Rubella Officially Eradicated from Americas

Rubella has officially been eradicated from the Americas. Now, rubella and congenital rubella syndromeadded to the list of vaccine-preventable diseases eradicated from both continents of the Americas. 


Smallpox eradicated in 1971 and Polio in 1994. The World Health Organization stated that no new endemic cases have been declared in five consecutive years.

What is Rubella?

  • Viral infection
  • Spread by coughs and sneezes
  • Also known as German measles
  • Infected individuals usually experience a rash
  • Normally starting on the face
  • Spreads to the rest of the body
  • In around half of the cases, the infected person is unaware that they even have it

Rubella can also cause:

  • Aching joints
  • Headaches
  • Swelling of the lymph nodes behind the ears
  • Threat low for adults and children, but can be very dangerous for pregnant woman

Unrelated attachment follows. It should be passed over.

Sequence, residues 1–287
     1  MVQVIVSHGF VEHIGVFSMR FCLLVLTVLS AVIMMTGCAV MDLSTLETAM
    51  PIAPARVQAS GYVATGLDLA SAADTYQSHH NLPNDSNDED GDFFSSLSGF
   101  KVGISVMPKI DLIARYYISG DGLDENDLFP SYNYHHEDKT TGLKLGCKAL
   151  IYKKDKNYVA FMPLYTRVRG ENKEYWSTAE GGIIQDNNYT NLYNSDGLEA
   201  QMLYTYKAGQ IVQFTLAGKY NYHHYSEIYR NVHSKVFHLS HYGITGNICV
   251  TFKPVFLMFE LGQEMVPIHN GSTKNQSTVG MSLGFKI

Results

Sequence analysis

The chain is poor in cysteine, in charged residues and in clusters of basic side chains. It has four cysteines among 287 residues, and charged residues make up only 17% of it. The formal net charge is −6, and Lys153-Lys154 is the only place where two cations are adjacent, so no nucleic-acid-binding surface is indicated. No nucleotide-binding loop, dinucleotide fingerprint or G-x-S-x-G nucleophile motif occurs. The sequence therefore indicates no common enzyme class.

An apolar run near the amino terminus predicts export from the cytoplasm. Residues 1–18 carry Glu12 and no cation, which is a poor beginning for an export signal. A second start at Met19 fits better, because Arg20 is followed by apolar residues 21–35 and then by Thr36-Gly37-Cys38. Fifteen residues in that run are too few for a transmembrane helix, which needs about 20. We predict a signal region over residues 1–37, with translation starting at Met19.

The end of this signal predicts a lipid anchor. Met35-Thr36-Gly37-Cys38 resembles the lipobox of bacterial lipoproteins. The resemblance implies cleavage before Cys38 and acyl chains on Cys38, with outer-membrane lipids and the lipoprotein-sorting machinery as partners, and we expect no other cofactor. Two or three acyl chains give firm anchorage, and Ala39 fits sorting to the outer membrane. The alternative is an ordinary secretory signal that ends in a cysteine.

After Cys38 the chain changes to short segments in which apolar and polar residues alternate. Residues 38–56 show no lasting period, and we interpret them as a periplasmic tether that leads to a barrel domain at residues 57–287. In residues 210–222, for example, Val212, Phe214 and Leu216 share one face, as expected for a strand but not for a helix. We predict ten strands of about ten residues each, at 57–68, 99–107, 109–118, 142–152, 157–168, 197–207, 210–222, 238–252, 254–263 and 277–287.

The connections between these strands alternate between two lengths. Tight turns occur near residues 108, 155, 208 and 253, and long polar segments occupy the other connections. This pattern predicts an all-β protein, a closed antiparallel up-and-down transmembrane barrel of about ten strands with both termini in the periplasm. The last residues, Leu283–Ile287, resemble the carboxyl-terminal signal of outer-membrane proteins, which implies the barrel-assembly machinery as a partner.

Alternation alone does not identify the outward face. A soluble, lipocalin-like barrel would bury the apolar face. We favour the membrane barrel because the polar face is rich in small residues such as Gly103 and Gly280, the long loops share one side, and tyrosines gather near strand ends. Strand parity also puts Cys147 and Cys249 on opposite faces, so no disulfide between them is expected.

• If contracted during the first three months of pregnancy, the rubella virus can cause congenital rubella syndrome (CRS)

CRS can lead to miscarriage and birth defects such as blindness, deafness, or heart defects. Before the vaccine became available, about5,000 cases of miscarriage a year in America attributed to infection. Globally, over 100,000 infants are born with the disease.

The History of Rubella

Rubella virus affected between 15,000 and 20,000 people a year in North and South AmericaVaccination became available after a major outbreak in the U.S. in the early 1960s. In 1971, it was combined with the measles and mumps vaccine to produce the MMR injection

Rubella has been declared eradicated in the U.S. since 2005, but there were other outbreaks in Argentina and Brazil. Eradication announced this week is for both North and South America.

This shows that mass immunization strategies have been effective in the 45 countries and territories of the Americas. The WHO has a plan to eradicate rubella from theEuropean region (Eastern Europe, Russia and Central Asia) by the end of 2015.

Other four regions of the world (Southeast Asia, Africa, Eastern Mediterranean, and Western Pacific) currently have no elimination goals. It may be awhile before Rubella is eradicated globally, but this is a great step forward.